33 shades of sustainability

Sustainability is business since municipalities demand contractors to deliver 'extra value' in terms of sustainable performance of tunnels for instance.

During her research, master student civil engineering Darinde Gijzel became a linking pin between the municipality of The Hague‘s project office for a new tunnel called 'Rotterdamsebaan’ and a sustainability expert team led by her Professor Marcel Hertogh writing an inspiration document on various aspects of sustainability in the context of tunnels.

Gijzel presented her thesis at the end of a mini symposium called Tunnel visions on sustainability last week. Before her presentation, there were talks from Rene Teule, head of infrastructures in The Hague (and commissioner of the Rotterdamsebaan tunnel), Paul Janssen MSc. (project leader of numerous tunnel construction projects) and William van Niekerk MSc. (director CSR Royal BAM Group).

A sustainable tunnel seems a contradiction in terms when you consider the extra material and energy needed for tunnel construction in comparison to a normal road.
However, once it has been decided that a tunnel should be constructed, you can do it in more energy-efficient, ecological, environmental friendly ways by for instance reusing materials and minimising waste. 

In fact, when Gijzel made an inventory of possible aspects of sustainability in literature and interviews with experts, she arrived at a whooping 102 different aspects in total.
After filtering the list and consulting with industry experts, she reduced the list to 33 items covering four different perspectives: energy (energy use, efficiency and CO2 emissions), resilience (maximising its functionality and value), social (strengthening the bonds with local inhabitants) and transition (preventing harmful effects on people and planet).

These perspectives sometimes converge. For example in transport, noise, water usage or construction waste there's little dissent. But on other topics, different perspectives lead to conflicting views. Functional flexibility for example scores high from the points of view of transition and social function, but it is not the most efficient way to arrive at a sustainable tunnel, therefore the energy perspective –with an efficiency approach- assigned this aspect a low score.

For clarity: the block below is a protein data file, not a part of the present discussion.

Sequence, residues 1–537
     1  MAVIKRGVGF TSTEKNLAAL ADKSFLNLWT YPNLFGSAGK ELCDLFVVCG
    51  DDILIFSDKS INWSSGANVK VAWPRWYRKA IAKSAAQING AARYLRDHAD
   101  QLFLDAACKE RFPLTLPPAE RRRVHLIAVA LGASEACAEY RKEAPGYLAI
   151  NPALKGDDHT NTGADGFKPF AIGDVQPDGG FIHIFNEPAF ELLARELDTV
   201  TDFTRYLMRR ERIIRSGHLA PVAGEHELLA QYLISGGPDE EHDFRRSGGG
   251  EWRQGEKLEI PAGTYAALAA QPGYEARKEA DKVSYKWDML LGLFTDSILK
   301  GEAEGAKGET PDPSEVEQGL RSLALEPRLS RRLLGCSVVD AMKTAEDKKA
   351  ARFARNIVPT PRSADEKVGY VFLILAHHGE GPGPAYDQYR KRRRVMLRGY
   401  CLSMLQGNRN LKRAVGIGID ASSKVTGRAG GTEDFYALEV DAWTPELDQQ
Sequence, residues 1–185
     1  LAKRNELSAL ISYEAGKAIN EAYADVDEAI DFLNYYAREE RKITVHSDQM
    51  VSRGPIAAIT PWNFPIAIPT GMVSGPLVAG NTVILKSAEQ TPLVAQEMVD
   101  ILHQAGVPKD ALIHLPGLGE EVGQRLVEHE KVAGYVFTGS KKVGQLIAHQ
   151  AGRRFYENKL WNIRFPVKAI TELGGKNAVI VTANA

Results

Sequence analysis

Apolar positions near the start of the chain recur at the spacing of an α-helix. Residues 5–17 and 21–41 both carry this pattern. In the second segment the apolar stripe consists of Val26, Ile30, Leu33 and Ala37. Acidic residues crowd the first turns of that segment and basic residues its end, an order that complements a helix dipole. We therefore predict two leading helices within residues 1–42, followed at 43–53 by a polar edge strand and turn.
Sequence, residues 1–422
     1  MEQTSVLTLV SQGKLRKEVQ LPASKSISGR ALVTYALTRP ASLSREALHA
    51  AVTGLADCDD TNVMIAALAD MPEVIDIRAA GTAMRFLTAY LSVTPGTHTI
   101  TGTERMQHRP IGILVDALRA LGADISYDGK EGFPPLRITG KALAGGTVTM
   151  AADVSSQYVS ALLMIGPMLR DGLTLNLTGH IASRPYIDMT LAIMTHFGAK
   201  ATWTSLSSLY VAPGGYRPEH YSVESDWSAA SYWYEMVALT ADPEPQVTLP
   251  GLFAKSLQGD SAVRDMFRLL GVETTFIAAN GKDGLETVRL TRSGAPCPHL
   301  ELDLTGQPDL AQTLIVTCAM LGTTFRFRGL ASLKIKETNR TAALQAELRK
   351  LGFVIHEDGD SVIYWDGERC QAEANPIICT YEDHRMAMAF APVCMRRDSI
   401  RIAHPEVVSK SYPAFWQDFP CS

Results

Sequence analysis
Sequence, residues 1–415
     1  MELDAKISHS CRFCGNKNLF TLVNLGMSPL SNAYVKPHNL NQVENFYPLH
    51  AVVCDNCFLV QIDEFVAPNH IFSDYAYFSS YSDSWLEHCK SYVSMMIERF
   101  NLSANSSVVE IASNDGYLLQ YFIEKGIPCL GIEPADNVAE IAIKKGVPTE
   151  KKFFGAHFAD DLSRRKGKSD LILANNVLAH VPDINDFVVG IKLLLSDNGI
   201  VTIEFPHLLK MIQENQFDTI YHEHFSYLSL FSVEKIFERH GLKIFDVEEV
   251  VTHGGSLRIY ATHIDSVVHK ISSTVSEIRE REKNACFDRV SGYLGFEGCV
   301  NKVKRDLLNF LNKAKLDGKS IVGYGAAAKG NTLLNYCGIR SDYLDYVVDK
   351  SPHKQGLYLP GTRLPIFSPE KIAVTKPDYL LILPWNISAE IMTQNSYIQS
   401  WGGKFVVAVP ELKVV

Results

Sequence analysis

Therefore, Gijzel argues, the commissioning party, the community of The Hague in this case, should establish a clear and ambitious definition of a ‘sustainable tunnel’ based on their selection of sustainability aspects for their specific project. 

Contrary to its name perhaps, the European EMAT (Economically Most Advantageous Tender) is a powerful tool to include (non-economical) sustainability aspects in the tendering process. 

Van Niekerk (BAM) said: "Sustainability is competition." He would like to see a fixed-price tendering (which is not yet the case) so that competitors can profile themselves by creating extra value - be it led lighting in the tunnel, landscaping of the entries, filtering of the exhaust air, minimising transport nuisance or whatever else.

It's up to the commissioning body of course to judge whether the extras on offer are in line with its own sustainability definition earlier in the process.

And, says Gijzel, sustainability consists of many different aspects. Each of them contains a challenge for current and future engineers. It's up to the engineers to find solutions to these sustainability challenges. That certainly applies to a market where sustainability solutions are part of the competition process.

--> Darinde Gijzel, Tunnel Visions on Sustainability, A research on sustainability and its selection process for road tunnel projects, Master thesis supervisor: Prof. Marcel Hertogh (CEGS), 19 June 2014.